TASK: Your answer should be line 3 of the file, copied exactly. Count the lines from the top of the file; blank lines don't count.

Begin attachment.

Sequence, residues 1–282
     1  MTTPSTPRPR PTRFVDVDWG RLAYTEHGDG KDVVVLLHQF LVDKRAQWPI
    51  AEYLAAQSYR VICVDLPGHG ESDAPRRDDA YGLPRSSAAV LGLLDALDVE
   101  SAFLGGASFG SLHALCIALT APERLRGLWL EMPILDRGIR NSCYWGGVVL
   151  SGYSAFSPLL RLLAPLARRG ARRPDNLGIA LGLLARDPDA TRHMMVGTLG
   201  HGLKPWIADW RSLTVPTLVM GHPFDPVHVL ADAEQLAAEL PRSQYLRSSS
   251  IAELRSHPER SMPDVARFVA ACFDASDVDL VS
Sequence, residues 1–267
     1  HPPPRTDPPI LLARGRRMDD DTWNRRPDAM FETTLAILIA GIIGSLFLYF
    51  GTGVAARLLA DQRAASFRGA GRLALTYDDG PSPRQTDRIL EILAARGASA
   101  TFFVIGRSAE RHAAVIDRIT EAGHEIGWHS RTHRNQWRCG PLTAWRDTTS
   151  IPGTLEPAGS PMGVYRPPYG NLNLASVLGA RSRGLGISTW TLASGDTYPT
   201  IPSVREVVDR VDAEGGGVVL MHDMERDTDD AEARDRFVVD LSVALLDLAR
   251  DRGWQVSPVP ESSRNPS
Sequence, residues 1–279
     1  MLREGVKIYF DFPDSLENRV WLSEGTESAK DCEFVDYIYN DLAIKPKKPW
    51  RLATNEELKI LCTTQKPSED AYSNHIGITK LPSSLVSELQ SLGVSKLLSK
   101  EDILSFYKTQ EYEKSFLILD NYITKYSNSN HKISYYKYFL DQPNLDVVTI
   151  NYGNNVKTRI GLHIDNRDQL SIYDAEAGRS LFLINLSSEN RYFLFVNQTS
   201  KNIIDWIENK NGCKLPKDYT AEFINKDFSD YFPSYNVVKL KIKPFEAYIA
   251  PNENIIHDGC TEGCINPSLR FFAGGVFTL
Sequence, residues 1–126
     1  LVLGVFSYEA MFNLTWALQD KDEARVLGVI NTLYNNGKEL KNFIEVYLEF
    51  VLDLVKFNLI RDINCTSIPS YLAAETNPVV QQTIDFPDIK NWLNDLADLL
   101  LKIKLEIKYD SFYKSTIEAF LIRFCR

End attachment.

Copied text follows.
    51  AEYLAAQSYR VICVDLPGHG ESDAPRRDDA YGLPRSSAAV LGLLDALDVE